Kate: It's an iron, Charles. Charles: I get my butler to iron my paper
08:33 GMT, 16 March 2012
A day out with the in-laws: Not everyone's idea of fun, especially when your other half isn't there.
But if there are any burning issues between The Duchess of Cambridge and her husband's father and step-mother they were surely ironed out today as Kate stepped out for the first time with the Prince of Wales and Camilla, the Duchess of Cornwall, to visit one of Charles's charities.
The idea was to celebrate their shared love of the arts at Dulwich Picture Gallery in south London, but the royal party soon found themselves roped into some domestic duties.
The Prince of Wales (right) and the Duchess of Cambridge iron artwork they had just made to silk, during a visit to the Dulwich Picture Gallery in south London
A Clarence House spokesman said it came about from 'a conversation between a father-in-law and daughter-in-law' and added: 'They have a shared interest in art, art therapy and children.'
The day started with Kate, Charles and
Camilla being greeted by hundreds of cheering schoolchildren waving
Union flags when they arrived in bright sunshine.
Kate wore a dark grey Orla Kiely dress with black pattern detail on the top, and a pleated skirt. She wore a coat dress by the same designer on a previous engagement earlier this year.
The outfit was completed with black high heels. Camilla wore a navy blue dress with white collar by Anna Valentine.
Pupils from Goodrich Community Primary School in East Dulwich, Globe Academy in Southwark, Langbourne Primary School and Luke’s C of E Primary School, in Dulwich, were among those attending the event.
They met children taking part in the Great Art Quest – a programme that introduces youngsters to local galleries, professional artists and storytellers. The Duchess of Cambridge recently made a visit to Oxford to see the work of art therapy charity The Art Room, of which she is patron.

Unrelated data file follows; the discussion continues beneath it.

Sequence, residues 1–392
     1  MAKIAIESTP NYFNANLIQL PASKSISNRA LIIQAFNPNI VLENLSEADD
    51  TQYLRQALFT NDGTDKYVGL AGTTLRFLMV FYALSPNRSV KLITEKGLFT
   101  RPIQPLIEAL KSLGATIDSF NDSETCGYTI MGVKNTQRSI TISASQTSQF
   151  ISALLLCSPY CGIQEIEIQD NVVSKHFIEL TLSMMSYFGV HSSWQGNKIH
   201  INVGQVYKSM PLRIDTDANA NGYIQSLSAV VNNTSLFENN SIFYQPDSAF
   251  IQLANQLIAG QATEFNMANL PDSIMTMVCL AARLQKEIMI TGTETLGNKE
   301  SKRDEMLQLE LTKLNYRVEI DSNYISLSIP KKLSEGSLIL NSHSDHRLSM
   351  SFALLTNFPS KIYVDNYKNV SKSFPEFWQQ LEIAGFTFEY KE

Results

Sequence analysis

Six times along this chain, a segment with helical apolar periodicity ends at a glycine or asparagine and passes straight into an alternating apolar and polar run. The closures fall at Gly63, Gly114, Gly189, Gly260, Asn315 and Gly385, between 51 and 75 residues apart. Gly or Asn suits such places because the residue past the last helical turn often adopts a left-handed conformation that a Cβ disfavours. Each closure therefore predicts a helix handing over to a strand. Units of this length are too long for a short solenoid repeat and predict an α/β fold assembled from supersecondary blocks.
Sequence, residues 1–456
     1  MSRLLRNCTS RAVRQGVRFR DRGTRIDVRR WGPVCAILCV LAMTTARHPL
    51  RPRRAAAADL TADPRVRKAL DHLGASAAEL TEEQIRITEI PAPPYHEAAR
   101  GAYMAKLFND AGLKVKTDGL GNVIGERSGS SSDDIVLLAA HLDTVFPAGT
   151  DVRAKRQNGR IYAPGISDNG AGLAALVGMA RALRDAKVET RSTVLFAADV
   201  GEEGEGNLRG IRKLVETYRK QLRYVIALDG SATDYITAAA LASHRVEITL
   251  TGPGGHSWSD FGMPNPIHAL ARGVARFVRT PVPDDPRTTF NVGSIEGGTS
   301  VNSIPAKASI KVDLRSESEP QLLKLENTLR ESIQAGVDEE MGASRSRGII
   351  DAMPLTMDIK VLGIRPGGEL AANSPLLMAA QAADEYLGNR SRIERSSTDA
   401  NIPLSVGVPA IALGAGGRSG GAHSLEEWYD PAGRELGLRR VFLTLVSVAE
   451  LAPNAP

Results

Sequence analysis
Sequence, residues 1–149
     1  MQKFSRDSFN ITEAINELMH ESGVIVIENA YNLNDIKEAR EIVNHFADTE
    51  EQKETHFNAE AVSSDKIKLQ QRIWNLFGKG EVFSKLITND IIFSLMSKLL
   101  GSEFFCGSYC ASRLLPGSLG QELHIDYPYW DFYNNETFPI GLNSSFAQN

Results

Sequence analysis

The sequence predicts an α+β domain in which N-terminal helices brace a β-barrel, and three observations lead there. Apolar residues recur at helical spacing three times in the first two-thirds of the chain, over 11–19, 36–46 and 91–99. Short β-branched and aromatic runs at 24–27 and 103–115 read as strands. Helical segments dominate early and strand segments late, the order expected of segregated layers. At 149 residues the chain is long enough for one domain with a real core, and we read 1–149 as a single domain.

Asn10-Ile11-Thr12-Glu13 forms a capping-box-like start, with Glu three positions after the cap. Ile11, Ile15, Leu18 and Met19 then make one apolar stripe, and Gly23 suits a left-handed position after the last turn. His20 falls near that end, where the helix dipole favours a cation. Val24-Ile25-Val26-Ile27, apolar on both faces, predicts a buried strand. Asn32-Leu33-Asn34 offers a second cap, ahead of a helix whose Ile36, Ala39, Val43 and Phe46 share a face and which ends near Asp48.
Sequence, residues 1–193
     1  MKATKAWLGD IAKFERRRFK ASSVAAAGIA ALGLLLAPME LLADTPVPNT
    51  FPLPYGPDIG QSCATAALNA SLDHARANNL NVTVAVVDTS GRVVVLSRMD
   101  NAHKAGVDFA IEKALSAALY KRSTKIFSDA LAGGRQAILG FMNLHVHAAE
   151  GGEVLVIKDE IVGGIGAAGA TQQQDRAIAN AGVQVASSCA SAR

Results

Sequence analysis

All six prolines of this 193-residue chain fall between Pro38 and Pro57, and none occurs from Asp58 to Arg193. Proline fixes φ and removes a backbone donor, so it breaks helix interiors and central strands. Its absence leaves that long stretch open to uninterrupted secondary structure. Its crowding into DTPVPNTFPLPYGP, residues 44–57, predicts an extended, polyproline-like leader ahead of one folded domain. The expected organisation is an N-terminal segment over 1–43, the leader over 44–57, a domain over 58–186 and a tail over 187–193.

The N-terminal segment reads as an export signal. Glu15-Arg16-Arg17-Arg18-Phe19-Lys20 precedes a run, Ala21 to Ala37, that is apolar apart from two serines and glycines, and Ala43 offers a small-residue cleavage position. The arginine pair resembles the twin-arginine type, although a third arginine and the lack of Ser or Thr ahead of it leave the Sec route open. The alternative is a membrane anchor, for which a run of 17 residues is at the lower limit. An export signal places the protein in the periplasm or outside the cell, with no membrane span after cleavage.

Hands on: The hands of the Prince of Wales (right) and the Duchess of Cambridge ironing on artwork
The royal visitors took part in a class with children at the gallery’s art education centre, laughing and joking with each other as they got stuck in making collage self-portraits.
Kate cut out a heart shape from lace before putting it on her picture of a face in side profile. She also chose a leaf for her design.
Sitting next to Charles, they compared designs and she asked: 'What else do you think we should do'
She joked to the children: 'This is going to look rather interesting!'
Prince Charles and Camilla can't help having a giggle as they get produce the artwork with children
Charles and Kate were greeted by hundreds of cheering schoolchildren waving Union flags
Charles roared with laughter at his own attempt, featuring pine needles, and that of his wife. They then went to transfer their designs onto silk, using an iron to complete the masterpieces.
Each gamely wielded an iron to carry out the task, with Charles saying: 'I don’t think I put on eyebrows. Do I keep ironing that I’m going to be here all afternoon!'
He commented to his daughter-in-law: 'Catherine, I don’t think yours is going to work. I’m leaving mine!'
Kate arrives in bright sunshine to visit The Prince's Foundation for Children and the Arts with her in-laws
Pupils from Goodrich Community Primary School in
East Dulwich, Globe Academy in Southwark, Langbourne Primary School and
Luke's C of E Primary School, in Dulwich, were among those attending
Prince Charles wanted to introduce the Duchess of Cambridge to the work his charity does in south London
The royal party is greeted by a sea of Union flags as they walk into the premises used by one of the Prince of Wales's charities
Kate, who earlier in the day had visited the Olympic Park in Stratford, east London, told one of the children: 'Yours
is so much better. Look at that. That’s amazing.' Asked later if it was
the first time Charles had done the ironing, Camilla said with a smile:
'I’ve got him well-trained with an iron.'
While watching the children
doing artwork in the room, the Sackler Centre for Arts Education,
Camilla was approached by 10-year-old Adina James, who asked: 'Are you